A Safety Net for Shelter Animals

Challenge Week: May 4-10

You Can Be a Champion for Animals Like Oliver

When an animal faces challenges or hardship, OHS is there to help. Support from donors like you makes our lifesaving medical, behavior, and rescue programs possible.

Safety net: something to rely on in times of hardship. That is what Oliver has found at Oregon Humane Society. The ultimate hope for pets who leave the shelter is that they will never have to return—but life is not always that predictable. When challenges occur, pets always have a safe place to come back to at OHS. 

Oliver was adopted and returned after spending one year with his new family, through no fault of his own. Like many Americans, Oliver’s owners were experiencing housing insecurity, and Oliver was unable to move with them.

Oliver, a black and white dog, sitting outside under a rainbow

A crisis is happening in animal shelters across the country. Large dog breeds are being overlooked for adoption and a likely reason for it is housing. Housing restrictions against dog breeds and weight limits exclude many breeds that typically show up in shelters, like German shepherds, Siberian huskies, and bully breeds—just like Oliver. This makes adopting especially challenging for renters in the community.  

Thankfully, Oliver has the love, care, and support of OHS’ Behavior Modification (BMod) team to receive what he needs while he waits for a new home.  

One year ago, our trainers worked with Oliver to provide an environment that would complement his needs. To best help him, it was important for them to get to know Oliver. During Oliver’s stay in the main shelter, our animal care team noticed his habit of light and shadow chasing. They worked with the BMod trainers to understand the behavior and determined that he was a good fit for the BRC.

“Light and shadow chasing can negatively impact a dog’s mental state. For humans, this could be compared to a need for repetitive behaviors with no satisfactory end, resulting in living in a constant state of overstimulation.” 

Annika Howland, Canine Behavior Modification Program Manager

By moving him from the main shelter to the Behavior and Rescue Center (BRC) Oliver was able to stay in a kennel that doesn’t reflect light and shadows. That, combined with proper medication, helped stop his compulsive and repetitive behavior. When he was first adopted, he was able to completely stop this behavior. This kind of support will continue for Oliver during his second and current stay at the BRC.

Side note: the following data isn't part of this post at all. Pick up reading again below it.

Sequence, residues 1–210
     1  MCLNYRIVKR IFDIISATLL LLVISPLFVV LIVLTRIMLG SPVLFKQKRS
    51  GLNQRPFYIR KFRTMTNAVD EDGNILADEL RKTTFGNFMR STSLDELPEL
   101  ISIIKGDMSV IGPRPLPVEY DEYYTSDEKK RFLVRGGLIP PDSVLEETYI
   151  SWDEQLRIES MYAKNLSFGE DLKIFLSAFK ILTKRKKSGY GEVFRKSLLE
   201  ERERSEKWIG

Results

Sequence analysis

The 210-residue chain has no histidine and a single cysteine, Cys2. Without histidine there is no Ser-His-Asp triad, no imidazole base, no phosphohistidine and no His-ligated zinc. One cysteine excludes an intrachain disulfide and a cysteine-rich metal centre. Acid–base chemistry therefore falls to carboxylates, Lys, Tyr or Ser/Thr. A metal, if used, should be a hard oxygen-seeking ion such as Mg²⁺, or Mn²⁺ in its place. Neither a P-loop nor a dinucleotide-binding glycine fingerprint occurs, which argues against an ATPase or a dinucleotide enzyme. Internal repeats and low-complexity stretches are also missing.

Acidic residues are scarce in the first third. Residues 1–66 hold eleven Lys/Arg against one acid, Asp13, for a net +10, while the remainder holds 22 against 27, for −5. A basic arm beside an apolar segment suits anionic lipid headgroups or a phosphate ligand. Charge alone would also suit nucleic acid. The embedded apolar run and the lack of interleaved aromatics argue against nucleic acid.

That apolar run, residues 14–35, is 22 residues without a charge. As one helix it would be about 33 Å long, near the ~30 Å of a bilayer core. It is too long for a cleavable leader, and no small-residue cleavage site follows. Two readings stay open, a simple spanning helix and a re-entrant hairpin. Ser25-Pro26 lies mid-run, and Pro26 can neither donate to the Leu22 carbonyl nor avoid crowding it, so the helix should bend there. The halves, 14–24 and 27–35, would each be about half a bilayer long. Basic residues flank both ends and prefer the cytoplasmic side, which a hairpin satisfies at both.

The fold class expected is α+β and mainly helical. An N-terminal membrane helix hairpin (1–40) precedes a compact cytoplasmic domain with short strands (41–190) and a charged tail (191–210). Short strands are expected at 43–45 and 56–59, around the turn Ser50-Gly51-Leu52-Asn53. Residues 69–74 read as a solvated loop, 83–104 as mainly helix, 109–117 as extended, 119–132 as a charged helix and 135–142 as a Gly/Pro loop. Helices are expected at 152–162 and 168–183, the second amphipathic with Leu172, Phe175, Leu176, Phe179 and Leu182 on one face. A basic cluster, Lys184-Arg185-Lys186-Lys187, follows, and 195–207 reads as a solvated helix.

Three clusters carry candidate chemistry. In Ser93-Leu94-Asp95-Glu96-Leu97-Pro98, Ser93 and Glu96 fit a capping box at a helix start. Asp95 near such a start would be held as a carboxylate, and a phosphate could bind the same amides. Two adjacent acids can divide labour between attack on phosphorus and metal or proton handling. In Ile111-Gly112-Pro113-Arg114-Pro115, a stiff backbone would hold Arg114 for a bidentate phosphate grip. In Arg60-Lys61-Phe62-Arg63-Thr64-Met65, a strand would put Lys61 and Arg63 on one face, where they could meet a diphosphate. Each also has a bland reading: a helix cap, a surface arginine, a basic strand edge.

Oliver, laying on his back with a goofy look on his face

Oliver loves making friends and isn’t shy about it. It’s what the BMod team adores about him, but they also recognize that he comes on strong. Have you ever been so excited to share something that you forget your manners and interrupt someone? This is similar to Oliver’s behavior when he gets excited to meet a new person or dog. He says hello with barks, jumps, and occasional mouthing, or what some might refer to as “puppy biting.” Simply put, Oliver has too much happiness in his heart to contain it.  

Oliver playing with a black dog

BMod trainers continue to help Oliver channel his energy into tricks like ‘settle’ and teach him that greeting people and dogs politely earns him a reward—treats and pats on the head.  

BRC staff welcomed Oliver back with open arms and pockets filled with treats, of course. Our dedicated team takes him out for walks three to five times a day. He is a member of OHS’ running team, where he gets to go out with our volunteers for exercise and an adventure.  

Oliver’s stay at the BRC ensures plenty of doggie play dates (his favorite), as well as time spent with the Certified Professional Dog Trainers who created and implemented his original training plan.

Long term shelter dogs tend to decline behaviorally in the chaos of a typical shelter environment, but with the BRC as a resource, dogs like Oliver can continue to thrive.  

At OHS, there is never a time limit for dogs like Oliver to find their home.